Hit Man/Review

From The Grindhouse Cinema Database

< Hit Man

Just to quickly get this out of the way, Hit Man is a remake of Get Carter. And if you're too lazy to click the link to see what the story's about, all you need to know is that Tyrone Tackett (Bernie Casey) is out to uncover the truth of his deceased brother. The cause of death is ruled as a DUI suicide, but since Tyrone knows that his brother was involved with shady characters, he senses foul play. In the course of the investigation, Tyrone will have very few allies and even less trustworthy sources on who was responsible for the death. Among the suspects are syndicate leader, Nano Zito (Don Diamond) and pornographer, Theotis Oliver (Ed Cambridge).


Even if you're familiar with Get Carter (Which in turn was based on the novel, "Jack's Return Home") Hit Man tends to be quite complicated on trying to keep track of the many characters that Tyrone runs into in this Los Angeles maze of The Underworld. It took me, at least, three viewings to try to pin-point all the names that get mentioned (Swift, Murray, Zito, Huey, Oliver, Shag) and then to correctly match who was who! So since it may take a few viewings to fully absorb everything that gets presented in George Armitage's fairly loaded script, this will likely mean that you're bound to get lost even if you've seen Get Carter before. You might think, "Well, this movie's called HIT MAN! The action should solve everything, right?" But even that's not the case! For starters, Tyrone Tackett really doesn't get to do a whole lot of "Hitting" in this movie. He definetly gets to hit on a lot of the ladies though, that's for sure! That particular hit list involves Pam Grier (Playing a porn star), Lisa Moore (Playing a hotel clerk) and Mariyln Joi (Playing Tyrone's girlfriend...Billed as Tracy King, by the way).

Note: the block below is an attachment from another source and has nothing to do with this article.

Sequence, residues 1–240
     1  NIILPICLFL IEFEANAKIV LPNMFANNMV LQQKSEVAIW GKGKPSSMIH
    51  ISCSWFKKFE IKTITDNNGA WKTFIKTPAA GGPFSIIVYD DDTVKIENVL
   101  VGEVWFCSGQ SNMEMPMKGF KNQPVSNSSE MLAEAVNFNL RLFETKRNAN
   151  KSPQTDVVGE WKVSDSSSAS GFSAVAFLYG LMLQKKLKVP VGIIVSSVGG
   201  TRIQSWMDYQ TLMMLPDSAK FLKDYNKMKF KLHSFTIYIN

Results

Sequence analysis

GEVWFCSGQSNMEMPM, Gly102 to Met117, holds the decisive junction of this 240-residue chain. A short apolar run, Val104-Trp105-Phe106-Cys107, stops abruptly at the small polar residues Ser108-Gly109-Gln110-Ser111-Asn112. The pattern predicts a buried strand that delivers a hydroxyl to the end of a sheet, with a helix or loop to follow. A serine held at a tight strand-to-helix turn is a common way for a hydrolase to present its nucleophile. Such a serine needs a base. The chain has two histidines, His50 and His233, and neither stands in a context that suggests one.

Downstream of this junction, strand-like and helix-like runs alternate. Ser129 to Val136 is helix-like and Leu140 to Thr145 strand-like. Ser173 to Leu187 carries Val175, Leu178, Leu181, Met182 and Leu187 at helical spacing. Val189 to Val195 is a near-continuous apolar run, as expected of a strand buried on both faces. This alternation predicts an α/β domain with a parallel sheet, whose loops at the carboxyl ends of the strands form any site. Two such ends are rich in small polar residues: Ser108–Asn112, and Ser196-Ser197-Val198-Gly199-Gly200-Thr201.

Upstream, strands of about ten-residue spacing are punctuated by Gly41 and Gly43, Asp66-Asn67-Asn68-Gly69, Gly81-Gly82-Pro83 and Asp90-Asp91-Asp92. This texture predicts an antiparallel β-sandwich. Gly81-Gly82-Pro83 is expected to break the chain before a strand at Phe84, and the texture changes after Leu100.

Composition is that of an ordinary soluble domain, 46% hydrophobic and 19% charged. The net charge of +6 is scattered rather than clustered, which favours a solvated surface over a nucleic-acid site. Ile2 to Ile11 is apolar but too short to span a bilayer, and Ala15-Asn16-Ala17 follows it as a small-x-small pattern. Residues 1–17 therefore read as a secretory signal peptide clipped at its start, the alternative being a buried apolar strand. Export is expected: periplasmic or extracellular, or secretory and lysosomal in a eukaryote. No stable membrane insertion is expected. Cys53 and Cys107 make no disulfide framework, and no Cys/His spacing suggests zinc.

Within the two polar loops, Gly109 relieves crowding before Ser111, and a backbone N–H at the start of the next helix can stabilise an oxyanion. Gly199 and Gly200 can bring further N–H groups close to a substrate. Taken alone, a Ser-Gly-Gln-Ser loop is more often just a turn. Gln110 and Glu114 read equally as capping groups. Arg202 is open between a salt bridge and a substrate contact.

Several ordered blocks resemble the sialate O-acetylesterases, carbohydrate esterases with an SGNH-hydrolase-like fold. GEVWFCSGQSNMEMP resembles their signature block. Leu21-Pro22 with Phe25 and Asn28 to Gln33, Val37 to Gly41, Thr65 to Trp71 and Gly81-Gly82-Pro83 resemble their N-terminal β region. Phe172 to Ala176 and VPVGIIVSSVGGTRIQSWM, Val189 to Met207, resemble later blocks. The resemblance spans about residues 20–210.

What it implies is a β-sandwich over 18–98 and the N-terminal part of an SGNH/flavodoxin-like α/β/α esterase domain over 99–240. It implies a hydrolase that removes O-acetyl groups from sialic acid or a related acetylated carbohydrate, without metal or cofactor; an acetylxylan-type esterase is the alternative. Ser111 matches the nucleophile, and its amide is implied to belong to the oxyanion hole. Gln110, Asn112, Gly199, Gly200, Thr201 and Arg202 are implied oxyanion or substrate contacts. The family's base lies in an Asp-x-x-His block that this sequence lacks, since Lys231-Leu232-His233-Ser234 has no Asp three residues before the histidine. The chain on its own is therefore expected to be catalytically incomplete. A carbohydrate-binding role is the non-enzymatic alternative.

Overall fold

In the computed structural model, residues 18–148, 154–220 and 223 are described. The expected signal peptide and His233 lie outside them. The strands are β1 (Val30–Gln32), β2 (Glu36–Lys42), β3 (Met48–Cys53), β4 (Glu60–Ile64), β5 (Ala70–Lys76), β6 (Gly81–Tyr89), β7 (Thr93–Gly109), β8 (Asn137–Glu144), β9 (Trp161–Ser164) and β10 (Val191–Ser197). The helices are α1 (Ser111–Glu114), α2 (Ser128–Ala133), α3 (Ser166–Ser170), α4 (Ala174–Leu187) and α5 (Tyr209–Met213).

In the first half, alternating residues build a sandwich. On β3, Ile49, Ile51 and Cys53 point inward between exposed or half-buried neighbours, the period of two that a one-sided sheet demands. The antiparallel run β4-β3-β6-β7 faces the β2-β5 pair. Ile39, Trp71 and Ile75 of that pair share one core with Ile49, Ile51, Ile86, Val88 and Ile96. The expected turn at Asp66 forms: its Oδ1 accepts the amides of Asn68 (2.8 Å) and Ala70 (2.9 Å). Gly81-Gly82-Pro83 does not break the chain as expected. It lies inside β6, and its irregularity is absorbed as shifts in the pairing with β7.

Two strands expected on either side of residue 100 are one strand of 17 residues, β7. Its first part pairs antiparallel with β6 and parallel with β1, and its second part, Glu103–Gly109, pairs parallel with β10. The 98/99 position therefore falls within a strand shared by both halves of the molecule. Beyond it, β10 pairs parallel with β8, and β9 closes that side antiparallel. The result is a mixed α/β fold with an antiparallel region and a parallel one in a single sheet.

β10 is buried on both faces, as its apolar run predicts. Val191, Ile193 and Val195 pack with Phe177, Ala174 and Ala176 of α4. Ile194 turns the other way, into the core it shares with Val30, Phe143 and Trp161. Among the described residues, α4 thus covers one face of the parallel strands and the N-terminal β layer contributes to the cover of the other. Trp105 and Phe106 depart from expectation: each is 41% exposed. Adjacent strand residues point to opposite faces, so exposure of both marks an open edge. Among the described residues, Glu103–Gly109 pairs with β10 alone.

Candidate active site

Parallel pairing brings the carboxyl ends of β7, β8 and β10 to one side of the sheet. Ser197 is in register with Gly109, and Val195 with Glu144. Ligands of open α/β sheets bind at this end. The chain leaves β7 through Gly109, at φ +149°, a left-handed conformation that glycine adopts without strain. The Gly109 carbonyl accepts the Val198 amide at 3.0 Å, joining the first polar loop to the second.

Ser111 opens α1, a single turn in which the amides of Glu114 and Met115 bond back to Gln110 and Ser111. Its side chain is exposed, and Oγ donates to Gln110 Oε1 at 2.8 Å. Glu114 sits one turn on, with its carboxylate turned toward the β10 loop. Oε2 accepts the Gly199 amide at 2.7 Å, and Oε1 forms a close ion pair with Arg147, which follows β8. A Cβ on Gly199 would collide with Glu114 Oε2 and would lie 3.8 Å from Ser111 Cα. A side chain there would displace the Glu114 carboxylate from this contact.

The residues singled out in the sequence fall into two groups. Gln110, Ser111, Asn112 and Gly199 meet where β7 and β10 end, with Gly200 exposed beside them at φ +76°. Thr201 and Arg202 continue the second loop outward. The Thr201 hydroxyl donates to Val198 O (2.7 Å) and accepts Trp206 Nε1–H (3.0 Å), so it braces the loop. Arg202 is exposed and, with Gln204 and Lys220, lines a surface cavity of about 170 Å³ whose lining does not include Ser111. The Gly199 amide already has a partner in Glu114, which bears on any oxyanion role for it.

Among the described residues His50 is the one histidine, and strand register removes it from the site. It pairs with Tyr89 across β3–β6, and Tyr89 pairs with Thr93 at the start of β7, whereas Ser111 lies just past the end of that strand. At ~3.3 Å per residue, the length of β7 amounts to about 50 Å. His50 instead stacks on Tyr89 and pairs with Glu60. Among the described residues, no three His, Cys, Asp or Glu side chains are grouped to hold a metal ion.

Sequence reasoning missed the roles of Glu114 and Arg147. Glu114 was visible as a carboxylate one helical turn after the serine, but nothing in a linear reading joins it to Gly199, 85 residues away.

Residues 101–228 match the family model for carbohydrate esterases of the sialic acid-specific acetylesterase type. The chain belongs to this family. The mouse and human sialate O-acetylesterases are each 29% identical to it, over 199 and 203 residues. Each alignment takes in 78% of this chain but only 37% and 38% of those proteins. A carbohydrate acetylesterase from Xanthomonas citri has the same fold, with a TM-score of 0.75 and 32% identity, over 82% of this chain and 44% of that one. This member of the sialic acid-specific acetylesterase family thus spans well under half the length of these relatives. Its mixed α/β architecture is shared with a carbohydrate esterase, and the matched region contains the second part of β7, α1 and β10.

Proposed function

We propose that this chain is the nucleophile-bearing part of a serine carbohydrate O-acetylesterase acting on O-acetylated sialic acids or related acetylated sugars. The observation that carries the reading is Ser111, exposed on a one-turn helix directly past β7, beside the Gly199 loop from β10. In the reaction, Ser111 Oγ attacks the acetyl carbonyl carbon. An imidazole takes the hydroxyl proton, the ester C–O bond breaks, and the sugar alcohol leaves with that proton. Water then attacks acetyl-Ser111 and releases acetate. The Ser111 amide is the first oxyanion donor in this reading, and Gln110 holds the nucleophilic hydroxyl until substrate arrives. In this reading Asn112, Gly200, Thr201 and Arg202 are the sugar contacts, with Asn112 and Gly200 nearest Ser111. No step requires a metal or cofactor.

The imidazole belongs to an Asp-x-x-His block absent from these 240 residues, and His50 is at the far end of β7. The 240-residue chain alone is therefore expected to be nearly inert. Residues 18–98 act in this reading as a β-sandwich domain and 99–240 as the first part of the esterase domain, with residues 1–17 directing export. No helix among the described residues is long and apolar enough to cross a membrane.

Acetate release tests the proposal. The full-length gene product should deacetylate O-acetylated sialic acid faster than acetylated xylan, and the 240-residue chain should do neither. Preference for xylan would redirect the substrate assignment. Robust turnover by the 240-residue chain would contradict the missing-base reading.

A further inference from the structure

What Hit Man mostly has going for it is the commendable performance by Bernie Casey. His stylish speech pattern (Often mirroring Max Julien from The Mack at times!) really helps match the smooth intensity he displays in the role. His character also has the most wildest-looking wardrobes I've seen this side of Willie Dynamite. But since there is no clear, central villain for the audience to focus on, we're left stuck with getting the enjoyment out of some of the minor characters who, thankfully, provide some of the film's more memorable moments. As previously mentioned, the female characters certainly stand out with what limited time they have (Any sight of miss Pam Grier in her nude glory will always tend to have you thinking that you're watching a classic!) Sam Laws also gives the movie a much-needed boost to serve as the comic-relief. It's just too bad that his character vanishes from the 3rd act of the movie. Other good ingredients include a decently funky musical score by H.B. Barnum and the slick opening credits is one of the more memorable I've seen in the genre. Though Hit Man lacks the nihilism and darkness compared to Get Carter (Especially with it's different ending) it has the looseness and flair that many fans always love in seeing in blaxploitation films. At least watch it just so you can admit not ever being confused the first time around.

Reviewed by Laydback

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